Saturday, June 07, 2008

Playing with Initiative

Earlier I mentioned how I was handling weapon damage for my hack of Moldvay/Cook/Labyrinth Lord. The question was raised: why bother lugging around a sword if it only does the same 1d6 damage as a dagger?

Good question. The answer is initiative.

Initiative is an iffy beast in ten second rounds. Ten seconds is forever in a fight. There’s going to be a lot of back and forth. But you need some way to decide who gets to wound the other guy first, unless you just say everything is simultaneous (which I was tempted to do).

So once you decide that initiative is important, there are all sorts of ways you can handle it. Highest Dexterity score, or fastest weapon, or longest reach. Of course, then you have to wonder which is most important. If a fast man is swinging a two handed sword at an average man wielding a short sword, who should have initiative?

Mr. Moldvay dispensed with all that headache by granting initiative to the luckiest. That is to say, it’s a dice-contest. Both sides roll a single d6 and the highest roll wins. If you are feeling fancy, you could do individual initiatives, which are handled the same way, but everyone rolls instead of just one roll per side, and you add an adjustment based on individual Dexterity scores.

I, however, lack Mr. Moldvay’s wisdom and gleefully charge ahead where angels fear to tread. Why would I do this to myself? Simply because I think your choice in weapons should matter. Weapons look and work differently because they’re made for different jobs. A sword is easy to wear and great for slicing up unarmoured foes. An axe is a bit unwieldy strapped to your belt, but it’s much better at busting through chain or getting around a shield. A mace or hammer is even better at hammering around heavily armoured opponents, while a flail is great at getting around shields, but doesn’t work well at all if you really just need to decapitate an insolent peasant.

Keeping that in mind, I’m banishing randomness from initiative and basing it solely on your choice of weapon. If you’re fighting with two weapons, your initiative is based on the lower initiative of the two.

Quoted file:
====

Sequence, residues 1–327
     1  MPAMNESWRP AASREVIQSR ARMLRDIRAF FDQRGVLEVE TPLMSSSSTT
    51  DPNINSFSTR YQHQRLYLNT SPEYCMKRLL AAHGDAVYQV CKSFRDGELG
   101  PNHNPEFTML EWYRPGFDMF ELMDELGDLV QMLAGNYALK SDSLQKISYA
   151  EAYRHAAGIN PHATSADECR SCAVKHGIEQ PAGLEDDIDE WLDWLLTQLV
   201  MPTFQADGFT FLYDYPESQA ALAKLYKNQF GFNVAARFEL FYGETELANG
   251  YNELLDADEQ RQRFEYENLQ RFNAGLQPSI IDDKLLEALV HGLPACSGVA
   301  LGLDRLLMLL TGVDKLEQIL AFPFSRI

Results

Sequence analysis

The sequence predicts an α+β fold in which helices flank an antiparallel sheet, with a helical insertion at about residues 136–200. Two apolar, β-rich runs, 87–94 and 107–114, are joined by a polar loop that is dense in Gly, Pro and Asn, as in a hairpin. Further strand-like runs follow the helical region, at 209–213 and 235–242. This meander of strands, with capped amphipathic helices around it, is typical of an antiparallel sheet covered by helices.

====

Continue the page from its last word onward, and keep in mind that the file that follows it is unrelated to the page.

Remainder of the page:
How am I deciding what weapon gets which initiative? I’m using a variety of factors. First, and most important, is reach. If a weapon’s got reach, you have to deal with getting past the hurty part before you can get to the soft, squishy wielder on the other end. Reach is a function both of how long a weapon is, and how it’s wielded. If a weapon is meant to be swung, it might be longer than a stabbing weapon, but the stabber might arrive first since it doesn’t have as far to travel. Mass, of course, is another issue, since a weapon with less mass is faster and more maneuverable. Finally, there’s the weapon’s flexibility, the number of different ways it can be used to put the hurt on someone. A weapon with greater flexibility opens up more options for the skilled the warrior, while forcing the warrior’s opponent to be more cautious.

Ok, keeping all that in mind, here are the weapons:

WEAPON

DAMAGE

INITIATIVE

NOTES

Bastard sword

1d6

9

2d4 when wielded two-handed

Battle axe

2d4

8

Club

1d6

2

Dagger

1d6

4

Hand axe

1d6

3

Lance

1d6

9

Double damage on charge.

Mace

1d6

6

Pole arm

2d4

8

Short sword

1d6

7

Spear

1d6

10

Double damage when set to receive charge

Staff

Highest of 2d6

7

Sword

1d6

8

Torch

1d6

1

+ 1d4 burning damage

Two-handed sword

2d4

7

War hammer

1d6

5

And there you have it. Highest initiative, adjusted for Dexterity using the initiative adjustments listed in the Moldvay book, goes first. Fists have an initiative of 3 and feet 1. Missile weapons firing at range always go first. However, if someone is in your face with a melee weapon, you can’t fire. And I’ll have to come up with initiatives for monsters who don’t use weapons. As a general rule, canines and reptiles have initiative 5, felines and bears 6.